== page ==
- The Washington Times - Thursday, September 30, 2021

Sen. Joe Manchin III, who holds the power to scuttle President Biden’s proposed spending packages, confirmed on Thursday that he has set a limit of $1.5 trillion for his support of Democrats’ social welfare and climate package, less than half of what the president is seeking.

The West Virginia Democrat said $1.5 trillion is the top line for what “we can afford” without jeopardizing the economy.

“I believe in my heart that [amount is] what we can do with the needs we have right now — what we can afford to do without basically changing our whole society to an entitlement mentality,” Mr. Manchin told reporters at the Capitol.  

He reiterated that he supports spending on children and seniors.

The figure is less than half of the $3.5 trillion that Mr. Biden and most congressional Democrats had been envisioning, and would mean the left will have to dramatically scale back their hopes for creating a slew of new benefits and climate change initiatives.

Members of the far-left “Squad” quickly condemned Mr. Manchin‘s figure as insufficient. 

Rep. Alexandria Ocasio-Cortez, New York Democrat, quipped that $1.5 trillion was enough “for one year.” 

Rep. Cory Bush, Missouri Democrat, said the reduced spending would tell low-income Americans that “you all don’t deserve the investment in climate. You all don’t deserve two years of college.” 

“Who is he taking the money from?” she asked.

Mr. Manchin said he had privately warned since July that $1.5 trillion is his limit, and reiterated that to Mr. Biden in the past week. He signed a document with Senate Majority Leader Charles E. Schumer on July 28 outlining his spending limit and other conditions for his support, as first reported by Politico.

In the document, Mr. Manchin proposed raising the corporate tax rate to 25% from 21%, and the top tax rate on income to 39.6%. He said any revenue from the bill beyond $1.5 trillion must go to deficit reduction.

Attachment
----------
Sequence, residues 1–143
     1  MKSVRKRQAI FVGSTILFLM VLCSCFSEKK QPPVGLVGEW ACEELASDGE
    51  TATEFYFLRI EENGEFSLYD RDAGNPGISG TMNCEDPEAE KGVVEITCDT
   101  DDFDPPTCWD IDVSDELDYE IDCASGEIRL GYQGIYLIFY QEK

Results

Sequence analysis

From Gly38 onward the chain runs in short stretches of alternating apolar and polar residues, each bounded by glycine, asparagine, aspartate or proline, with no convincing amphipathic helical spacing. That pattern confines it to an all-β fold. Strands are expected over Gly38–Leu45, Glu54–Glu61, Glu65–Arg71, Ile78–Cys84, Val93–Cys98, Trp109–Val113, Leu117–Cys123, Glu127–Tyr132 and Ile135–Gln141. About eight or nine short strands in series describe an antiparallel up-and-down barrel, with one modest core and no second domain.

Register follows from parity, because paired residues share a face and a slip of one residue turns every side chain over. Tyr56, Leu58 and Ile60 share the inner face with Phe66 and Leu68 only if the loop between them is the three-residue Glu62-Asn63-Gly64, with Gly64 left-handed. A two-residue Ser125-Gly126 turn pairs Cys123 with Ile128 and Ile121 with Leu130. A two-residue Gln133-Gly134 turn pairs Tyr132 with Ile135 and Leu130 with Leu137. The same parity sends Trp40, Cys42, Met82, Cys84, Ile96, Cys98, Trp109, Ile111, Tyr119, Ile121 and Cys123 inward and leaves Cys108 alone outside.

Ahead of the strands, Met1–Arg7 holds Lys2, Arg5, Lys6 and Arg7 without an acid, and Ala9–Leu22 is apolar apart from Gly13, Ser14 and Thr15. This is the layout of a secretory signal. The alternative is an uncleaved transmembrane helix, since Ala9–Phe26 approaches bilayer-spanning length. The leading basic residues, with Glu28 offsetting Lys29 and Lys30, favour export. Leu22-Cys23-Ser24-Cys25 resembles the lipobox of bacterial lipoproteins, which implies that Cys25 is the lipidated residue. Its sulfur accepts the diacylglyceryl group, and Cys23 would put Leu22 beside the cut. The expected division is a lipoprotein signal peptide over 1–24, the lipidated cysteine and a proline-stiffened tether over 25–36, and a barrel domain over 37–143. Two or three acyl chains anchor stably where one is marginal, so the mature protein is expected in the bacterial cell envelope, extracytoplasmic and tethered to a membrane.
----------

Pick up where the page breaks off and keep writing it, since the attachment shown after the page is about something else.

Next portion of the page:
“Senator Manchin does not guarantee that he will vote for the final reconciliation legislation if it exceeds the conditions outlined in this agreement,” the paper reads in bold text.

No one should be surprised that he is not willing to support the full $3.5 trillion, Mr. Manchin said.

“I’ve never been a liberal in any way, shape or form,” he said. “I’m not asking [Mr. Biden] to change, I’m willing to come from zero to one.”

Mr. Manchin’s remarks add another complexity to the fate of Mr. Biden’s other top legislative priority — a bipartisan $1.2 billion infrastructure package that faces an uncertain fate in the House.

House Speaker Nancy Pelosi said on Thursday that she still wants to move forward later in the day with a vote on the package. But House Democrats on the Left have vowed to block it unless they can reach a deal with the Senate on the social welfare package — a prospect that appears challenging after Mr. Manchin’s remarks.

Known to never bring key votes to the floor that did not have enough votes to pass, Mrs. Pelosi promised centrist Democrats, led by Rep. Josh Gottheimer of New Jersey, that a vote on the stand-alone infrastructure bill vote would happen by Thursday after previously postponing the legislation on Monday.

The speaker would not say if she planned on delaying the infrastructure vote if there were not enough lawmakers supporting the legislation, which includes Republican defections in favor of the bill.

When pressed by reporters if she planned to have the vote on Thursday if she lacked the numbers, she replied, “I do not plan on not doing anything. I plan on moving forward in a positive way. … We’re on a path to win the vote.” 

She added, “I don’t want to consider any option other than that.”

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